Tips for Parents
Dr. Rex and our staff are a highly trained pediatric dental team with lots of experience in preventing tooth decay and orthodontic issues. On this page we have outlined some guidelines on keeping your child’s teeth and gums heathy.
You can always make an appointment with us and get a completely personalized program of oral care for your child and individual instruction for you and your older child based on an assessment by Dr. Rex. All of that comes as part of our Internet New Patient Special, along with an exam, X-rays and consultation with Dr. Rex.
By age 1
Babies’ first two teeth emerge between 8 and 13 months of age. Dr. Rex recommends you bring in your child by his or her first birthday. He’ll help you establish good oral hygiene routines for your child and check for any obvious oral issues. Your child will also start getting familiar with going to the dentist. Learn more …
At 18 months of age
At 18 months your child has their front teeth and a molar or two. This is a good time for toddlers to get their first real checkup! By starting your child early, we can prevent a lot of potential issues, such as cavities and problems with the bite (how the teeth come together).
By age 3
By age 3, your child has all their baby teeth including their baby molars. Habits such as thumb-sucking and pacifier usage should have stopped. If a child continues with these habits, there is a good chance there will be permanent deformation of his or her oral structure, such as protruding teeth, requiring later orthodontic treatment. If you need help guiding your toddler away from his or her habit, give us a call!
Age 5 to 7
You can opt to put sealants on your child’s permanent “6-year” molars. It’s a good idea to put the sealants on as soon as the permanent molars come in, before decay gets a chance to attack the teeth. Sealants are thin plastic coatings applied to the chewing surfaces of the back teeth. It is a quick, painless procedure.
After a child turns 4, the jaw and facial bones begin to grow, creating spaces between the teeth. At age 6 to 7, children start losing their baby teeth and their adult (permanent) teeth begin to come in. Dr. Rex recommends that children get checked out for orthodontic issues around age 7, when he can begin preventive orthodontics, if needed.
Diet, drinks and snacks
Every time your child eats something, the bacteria in the mouth get to eat too. That’s why regular brushing and flossing is so important, but it’s also why it’s important to regulate snacking. If you had one Cheerio every half an hour for 24 hours your teeth would rot. If you had a bowl of Cheerios once a day, there would be much less danger of decay.
In general, foods that can cause decay are ones that bacteria like to feed on. These include starchy foods like bread, crackers, pasta, potato chips and pretzels. Sugar is a major cause of tooth decay, and it’s not just the sugar in candy and cake. Sugar is also in fruits and most milk products as well as being added to food such as cereals and peanut butter. Children don’t need to give up eating these foods, they should just be eaten in way that will minimize decay. For example, eating food containing sugar or starch with a meal, not as a snack, or choosing food that can be easily washed away from the teeth with saliva or water, rather than eating sticky food like dried fruit or toffee.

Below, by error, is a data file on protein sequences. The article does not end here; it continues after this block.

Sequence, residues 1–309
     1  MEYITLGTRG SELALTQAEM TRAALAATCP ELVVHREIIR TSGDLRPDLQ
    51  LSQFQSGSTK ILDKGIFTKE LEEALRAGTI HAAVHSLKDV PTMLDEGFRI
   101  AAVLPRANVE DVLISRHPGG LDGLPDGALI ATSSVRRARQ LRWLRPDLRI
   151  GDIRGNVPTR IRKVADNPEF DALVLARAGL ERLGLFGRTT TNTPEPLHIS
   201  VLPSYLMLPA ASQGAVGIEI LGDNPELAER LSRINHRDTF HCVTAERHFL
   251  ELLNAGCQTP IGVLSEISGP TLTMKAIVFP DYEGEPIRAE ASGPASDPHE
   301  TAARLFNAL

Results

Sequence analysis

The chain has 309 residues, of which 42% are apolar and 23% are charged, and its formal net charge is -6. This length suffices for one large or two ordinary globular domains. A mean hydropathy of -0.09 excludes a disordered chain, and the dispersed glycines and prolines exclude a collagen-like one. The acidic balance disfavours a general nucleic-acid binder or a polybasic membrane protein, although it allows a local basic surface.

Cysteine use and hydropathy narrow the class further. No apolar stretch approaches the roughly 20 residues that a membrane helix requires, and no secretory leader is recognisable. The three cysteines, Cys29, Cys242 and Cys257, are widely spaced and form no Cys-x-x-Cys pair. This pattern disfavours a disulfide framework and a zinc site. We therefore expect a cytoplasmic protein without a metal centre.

You can get inventive with the snacks you stock your pantry and fridge with, Dr. Rex can help you choose your snack cupboard based on your child’s preferences.
Dr. Rex has abundant experience with helping parents with food choices and how to establish good, but fun, routines. He’ll also assess your child’s diet and see how much impact, if any, he thinks it is having on their oral health.
What about bottles and sippy cups?
If your child is in the habit of going to sleep with a bottle, switch over to a bottle of water, or a pacifier. Milk, formula, juice or sweetened liquid feed the bacteria in the mouth while your child sleeps. These bacteria produce acids that attack the teeth.
Use of sippy cups can be a good transition from a bottle to a regular cup if done over a short period of time (three to four months) and not over an extended period of time. What you want to avoid is the sippy cup taking the place of a bottle, and being used by your child all day. This can contribute to cavities, especially if the sippy cup is full of juice or a sugar-sweetened drink. A sippy cup that is being drunk from all day, can also make the child feel full and prevent the child getting the nutrition he or she needs.
Helping your child brush and floss
The sooner you start with cleaning your child’s teeth the better! You can clean’s a baby’s gums with a soft infant toothbrush or a cloth and water. As soon as teeth begin to appear, Dr. Rex recommends starting with brushing the teeth once a day with a soft tooth brush, using just a little bit of toothpaste. For the 2-year-old you should start to brush the teeth twice a day, using a “pea-size” amount of toothpaste.
Usually parents will need to brush the teeth for their child until age 5, or let the child do it, but under supervision. At around age 7 your child is probably ready to floss, although they might need a flossing aid, such as a flossing “harp.” Our staff can help explain and show different flossing options for your child.
We have developed methods of easily getting your child’s teeth brushed and flossed, and Dr. Rex or one of our hygienists can show you how.
To make an appointment, call (541) 318-5688 or click here to request an appointment online.